Alumnus Douglas Arion Points to Mountains of Stars

Ever since he completed his Ph.D. at the University of Maryland, Douglas Arion (M.S. ’80, Ph.D. ’84, physics) has been an innovator. He has always enjoyed the challenge of building things from the ground up—houses (he designed two), groundbreaking technology, unique academic programs and even college sports teams. 

“I think I’m inventive and creative and have always wanted to build and make things that aren’t what’s expected,” Arion said. “I’ve always been somebody who wants to make stuff happen.”

Douglas Arion. Photo by Rebecca SteevesDouglas Arion. Photo by Rebecca SteevesAnd for 35-plus years, he’s been doing just that, thanks to his strong foundation in physics.

“If you understand physics you understand everything, because everything fundamentally is based on physics,” Arion said. “I don’t think there’s been a discipline I’ve worked in or a technology that I’ve worked on or used or a field that you can’t apply it to. If you understand physics, you can do anything.”

At UMD, Arion’s Ph.D. research was a complex blend of plasma physics, quantum mechanics and astrophysics. 

“I found a way to quickly determine when a magnetic field can rapidly change shape and  break—such as when there’s a flare on the sun,” Arion said.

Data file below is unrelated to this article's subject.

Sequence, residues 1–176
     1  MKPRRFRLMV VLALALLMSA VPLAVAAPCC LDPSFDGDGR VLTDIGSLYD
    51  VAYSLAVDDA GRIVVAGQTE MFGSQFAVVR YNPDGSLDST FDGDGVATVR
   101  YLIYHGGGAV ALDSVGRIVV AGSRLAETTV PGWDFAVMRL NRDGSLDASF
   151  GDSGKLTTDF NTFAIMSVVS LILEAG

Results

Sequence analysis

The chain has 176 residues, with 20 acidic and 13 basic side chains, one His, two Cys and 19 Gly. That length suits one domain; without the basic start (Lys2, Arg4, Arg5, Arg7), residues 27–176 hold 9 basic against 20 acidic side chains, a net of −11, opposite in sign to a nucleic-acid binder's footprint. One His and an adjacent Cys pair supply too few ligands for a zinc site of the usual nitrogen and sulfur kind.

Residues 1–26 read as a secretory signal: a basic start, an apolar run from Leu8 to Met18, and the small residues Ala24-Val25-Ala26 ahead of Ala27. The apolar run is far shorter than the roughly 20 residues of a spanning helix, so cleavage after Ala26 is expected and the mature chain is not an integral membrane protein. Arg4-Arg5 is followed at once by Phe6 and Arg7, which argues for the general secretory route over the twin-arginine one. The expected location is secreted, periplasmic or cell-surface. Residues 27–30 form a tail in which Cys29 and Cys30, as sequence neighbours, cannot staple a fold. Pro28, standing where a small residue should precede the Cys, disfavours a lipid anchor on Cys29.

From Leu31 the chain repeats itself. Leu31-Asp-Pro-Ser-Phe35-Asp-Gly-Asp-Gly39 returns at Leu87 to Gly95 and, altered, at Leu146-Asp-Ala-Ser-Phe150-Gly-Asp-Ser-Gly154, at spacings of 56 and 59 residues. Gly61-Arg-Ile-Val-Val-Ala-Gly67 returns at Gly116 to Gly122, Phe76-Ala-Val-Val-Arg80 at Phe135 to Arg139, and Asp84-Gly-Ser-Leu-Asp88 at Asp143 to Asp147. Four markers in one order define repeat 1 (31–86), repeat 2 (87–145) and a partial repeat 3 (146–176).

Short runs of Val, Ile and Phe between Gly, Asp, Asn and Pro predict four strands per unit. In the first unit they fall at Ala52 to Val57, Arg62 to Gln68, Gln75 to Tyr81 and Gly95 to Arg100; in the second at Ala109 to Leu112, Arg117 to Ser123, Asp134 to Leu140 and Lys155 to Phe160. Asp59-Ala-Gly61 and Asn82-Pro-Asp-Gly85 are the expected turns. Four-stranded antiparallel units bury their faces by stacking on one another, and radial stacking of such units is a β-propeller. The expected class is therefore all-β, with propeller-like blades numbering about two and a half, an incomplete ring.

Arion had plenty of inspiration. His friends and study partners included Penrose “Parney” Albright (M.S. ’82, Ph.D. ’85, physics), who went on to become assistant secretary of the U.S. Department of Homeland Security, and David Douglas (M.S. ’82, Ph.D. ’82, physics), who spent 35 years exploring the nature of matter as a senior scientist at Jefferson Lab in Virginia.

“The folks who graduated with me have gone on to do some really amazing things,” Arion said. “We were good friends. I still stay in touch with many of them today.”

Arion would begin making his own mark as an innovator soon after he left Maryland, when a connection he made on campus led to a job at Science Applications Incorporated (SAI), a Virginia-based defense contractor.

“I was first involved in modeling and analysis of radiation effects on spacecraft and missile systems, that was the first big project we worked on,” Arion said. “I ended up working on a whole bunch of different defense-related projects in radiation areas.”

Climbing through the ranks at SAI to assistant vice president, Arion led the design and testing of systems including space-qualified optics and high-precision structural measuring systems for more than a decade.

Then in 1994, he moved on to a completely different kind of challenge, inspired by an ad he saw for a unique position in academia—an endowed chair in science and technology entrepreneurship at Carthage College in Kenosha, Wisconsin.

“Carthage had received a donation from an alum, a former chem major, who said, ‘You need to start a program to teach science students how to launch ventures and how to run things,’” Arion explained. “So, I put in a resume and got hired. I built the country’s first program for undergraduates in science and technology entrepreneurship. And that was before it was sexy—you know, everybody has a program now. “

For Arion, it was another opportunity to build something from the ground up—this time, a program to teach science students the things they weren’t learning in the traditional college curriculum.

“When I created it, I started out saying in my head and then on paper, what’s all the stuff I wish someone had told me before I became a corporate exec, because there was a lot of stuff I had to learn on the fly,” Arion recalled.